It could create a program for guest workers from Mexico and Central America, as proposed by Mexican President Andres Manuel Lopez Obrador. Biden has already moved to restore the Central American Minors Program to provide "a safe, legal, and orderly alternative to the risks incurred in the attempt to migrate to the United States irregularly."

Giving people an avenue to come here legally in order to keep them from coming illegally? A crazy idea, but it just might work.

Steve Chapman blogs at http://www.chicagotribune.com/news/opinion/chapman. Follow him on Twitter @SteveChapman13 or at https://www.facebook.com/stevechapman13. To find out more about Steve Chapman and read features by other Creators Syndicate writers and cartoonists, visit the Creators Syndicate website at www.creators.com

To Reform Immigration, Biden Must Show Resolve At The Border

Undocumented immigrants have been surging to the U.S. border, some wearing T-shirts with the Biden campaign logo and the words "Please let us in!" What gave them the idea that they could just show up and come on in? President Joe Biden did.

Oh, Biden didn't exactly say that. He said to not come now, as we rebuild the immigration system. But that isn't the same as saying they can't come illegally later. And since it implies that later on, whoever wants to come can, the migrants can reasonably assume that an arrival now without papers will eventually be overlooked.

Adding to that impression, Biden made a show on his first day in office of ditching five of the Trump administration's immigration policies. Sure enough, human smugglers began telling desperate Central Americans that Biden opened the door and the smugglers will get them through it for $6,000.

What did Biden think would happen? Officials at U.S. Customs and Border Protection warned the incoming administration of building pressure at the southern border. Fed by worsening poverty and gang violence in Central America and an improving U.S. economy, the rush had already begun in Donald Trump's last months.

It took until this weekend for Homeland Security Secretary Alejandro Mayorkas to firmly say the border of the United States "is closed." Roberta Jacobson, White House coordinator for the southern border, got still more specific. "The message isn't 'Don't come now,'" she said. "It's 'Don't come in this way, ever.'"

The earlier sloppy rhetoric handed Republicans a political bomb they are throwing at Democrats. Not that they've entirely earned the right. Trump's card trick was to hurl insults at undocumented immigrants while looking the other way when American businesses employed them as low-cost labor.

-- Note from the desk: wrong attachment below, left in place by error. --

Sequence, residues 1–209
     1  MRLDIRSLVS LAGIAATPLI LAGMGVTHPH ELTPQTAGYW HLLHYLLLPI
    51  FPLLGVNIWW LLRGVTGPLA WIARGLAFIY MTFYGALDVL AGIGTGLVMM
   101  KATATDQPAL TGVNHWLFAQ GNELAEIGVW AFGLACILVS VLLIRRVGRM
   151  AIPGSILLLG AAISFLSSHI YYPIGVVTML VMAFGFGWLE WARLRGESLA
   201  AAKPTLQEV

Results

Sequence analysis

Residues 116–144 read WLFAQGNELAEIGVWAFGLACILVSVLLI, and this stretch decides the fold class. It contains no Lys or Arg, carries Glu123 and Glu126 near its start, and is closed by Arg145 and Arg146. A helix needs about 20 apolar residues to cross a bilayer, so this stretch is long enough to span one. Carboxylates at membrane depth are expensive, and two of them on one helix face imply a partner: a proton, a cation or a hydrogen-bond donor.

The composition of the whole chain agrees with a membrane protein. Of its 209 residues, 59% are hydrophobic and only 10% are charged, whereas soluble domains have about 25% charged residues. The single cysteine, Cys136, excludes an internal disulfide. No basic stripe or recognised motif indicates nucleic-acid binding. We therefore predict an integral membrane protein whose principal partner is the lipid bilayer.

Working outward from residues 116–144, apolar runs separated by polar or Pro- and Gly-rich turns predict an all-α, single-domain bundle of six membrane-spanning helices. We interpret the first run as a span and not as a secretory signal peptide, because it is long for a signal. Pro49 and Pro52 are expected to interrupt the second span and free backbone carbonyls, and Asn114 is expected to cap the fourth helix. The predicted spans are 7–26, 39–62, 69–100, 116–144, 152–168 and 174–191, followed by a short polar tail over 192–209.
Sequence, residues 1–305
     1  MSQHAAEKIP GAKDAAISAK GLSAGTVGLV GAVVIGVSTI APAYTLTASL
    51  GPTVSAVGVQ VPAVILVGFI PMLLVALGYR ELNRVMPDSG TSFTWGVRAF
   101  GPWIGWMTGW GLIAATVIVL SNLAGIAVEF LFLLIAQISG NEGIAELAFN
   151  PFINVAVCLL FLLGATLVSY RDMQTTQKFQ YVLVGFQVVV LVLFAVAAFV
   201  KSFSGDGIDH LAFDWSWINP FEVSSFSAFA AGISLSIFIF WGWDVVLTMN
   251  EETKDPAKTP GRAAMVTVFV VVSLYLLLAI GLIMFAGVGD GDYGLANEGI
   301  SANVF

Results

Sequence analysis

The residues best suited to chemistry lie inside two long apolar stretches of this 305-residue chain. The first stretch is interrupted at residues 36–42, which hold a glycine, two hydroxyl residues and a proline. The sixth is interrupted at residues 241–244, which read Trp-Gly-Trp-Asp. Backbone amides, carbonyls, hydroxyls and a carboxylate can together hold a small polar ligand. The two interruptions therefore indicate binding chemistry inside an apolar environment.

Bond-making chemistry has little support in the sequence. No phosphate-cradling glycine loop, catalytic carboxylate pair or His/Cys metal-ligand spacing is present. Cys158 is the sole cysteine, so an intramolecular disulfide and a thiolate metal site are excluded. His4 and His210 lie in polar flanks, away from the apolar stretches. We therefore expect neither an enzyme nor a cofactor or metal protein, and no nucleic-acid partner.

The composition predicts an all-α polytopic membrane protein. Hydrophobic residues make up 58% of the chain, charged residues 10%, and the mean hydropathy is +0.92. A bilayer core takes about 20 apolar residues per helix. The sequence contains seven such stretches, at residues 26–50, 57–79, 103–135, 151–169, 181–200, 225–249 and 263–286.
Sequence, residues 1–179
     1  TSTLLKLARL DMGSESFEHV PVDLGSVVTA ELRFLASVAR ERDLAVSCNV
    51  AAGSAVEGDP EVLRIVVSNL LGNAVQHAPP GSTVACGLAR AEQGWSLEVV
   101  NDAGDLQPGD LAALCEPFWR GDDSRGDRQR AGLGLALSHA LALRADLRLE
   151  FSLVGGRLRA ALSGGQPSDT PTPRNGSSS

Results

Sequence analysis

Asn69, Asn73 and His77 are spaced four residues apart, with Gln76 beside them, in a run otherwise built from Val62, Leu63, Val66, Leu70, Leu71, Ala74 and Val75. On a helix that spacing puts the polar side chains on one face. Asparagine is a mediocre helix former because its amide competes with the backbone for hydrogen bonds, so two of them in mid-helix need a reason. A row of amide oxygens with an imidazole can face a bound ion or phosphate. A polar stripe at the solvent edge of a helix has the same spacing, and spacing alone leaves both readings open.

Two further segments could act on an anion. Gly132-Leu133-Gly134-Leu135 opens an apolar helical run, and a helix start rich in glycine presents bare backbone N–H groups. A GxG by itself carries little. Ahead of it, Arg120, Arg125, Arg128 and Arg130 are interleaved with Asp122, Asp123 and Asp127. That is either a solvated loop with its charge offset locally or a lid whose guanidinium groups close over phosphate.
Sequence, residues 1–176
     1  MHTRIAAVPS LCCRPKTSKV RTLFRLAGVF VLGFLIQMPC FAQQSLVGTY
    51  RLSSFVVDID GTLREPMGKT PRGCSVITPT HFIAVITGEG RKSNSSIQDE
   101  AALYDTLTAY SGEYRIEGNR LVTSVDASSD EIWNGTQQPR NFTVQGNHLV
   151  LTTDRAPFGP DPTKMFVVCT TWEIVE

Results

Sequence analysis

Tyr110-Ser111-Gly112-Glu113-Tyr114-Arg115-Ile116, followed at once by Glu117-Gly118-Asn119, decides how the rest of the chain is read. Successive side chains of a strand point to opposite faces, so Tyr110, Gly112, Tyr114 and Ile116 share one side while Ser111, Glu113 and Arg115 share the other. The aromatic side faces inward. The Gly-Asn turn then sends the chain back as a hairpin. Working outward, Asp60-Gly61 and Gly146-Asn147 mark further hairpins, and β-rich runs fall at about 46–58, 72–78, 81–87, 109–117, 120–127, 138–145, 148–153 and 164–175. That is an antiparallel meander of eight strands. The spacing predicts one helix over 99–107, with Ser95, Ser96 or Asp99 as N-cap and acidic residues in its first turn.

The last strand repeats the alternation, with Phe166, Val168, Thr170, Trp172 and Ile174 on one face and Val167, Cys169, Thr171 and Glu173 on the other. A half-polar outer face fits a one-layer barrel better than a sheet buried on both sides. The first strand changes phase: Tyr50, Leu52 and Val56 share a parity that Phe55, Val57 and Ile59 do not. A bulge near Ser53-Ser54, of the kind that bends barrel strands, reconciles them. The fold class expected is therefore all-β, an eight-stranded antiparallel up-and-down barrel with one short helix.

When Trump was asked whether he supported a national requirement to use E-Verify — a database that would confirm a new hire's right to work in this country — he said no. Asked why not, he used the bull argument that farmers don't have computers. Turning off the job magnet is the only way to cut the flow of illegal workers.

That is also missing from Biden's proposal for comprehensive immigration reform. He would confer legal status to most of the estimated 11 million undocumented immigrants. He would offer $4 billion in aid aimed at making life in some Central American countries less terrible. And he would reform the U.S. refugee and asylum systems. All good things.

But a plan that doesn't seriously stop Americans from employing people who entered illegally or overstayed their visas is not going to secure the border. Not any more than Trump's dramatics over a border wall.

Politicians of both parties should know where the public stands on these matters. A Gallup poll last summer found that for the first time, Americans want more, not less, immigration. Also, nearly 8 in 10 Americans think immigration is good for the country, with some Republicans in agreement.

In a 2019 poll, 65 percent thought the situation at the border to be a major or important problem. And 75 percent favored hiring significantly more Border Patrol agents.

What we see is that Americans support a large immigration program but want it kept legal. Canada and Australia do both. How sensible of them.

An experienced politician who wants to retain public support for a humane immigration program should know by now that an orderly border is essential — and that given the pressures, any show of laxness is a guarantee of disorder. On this issue, Biden can't be a nice guy without also being a tough guy.

He needs to show resolve and show it now.

Follow Froma Harrop on Twitter @FromaHarrop. She can be reached at fharrop@gmail.com. To find out more about Froma Harrop and read features by other Creators writers and cartoonists, visit the Creators webpage at www.creators.com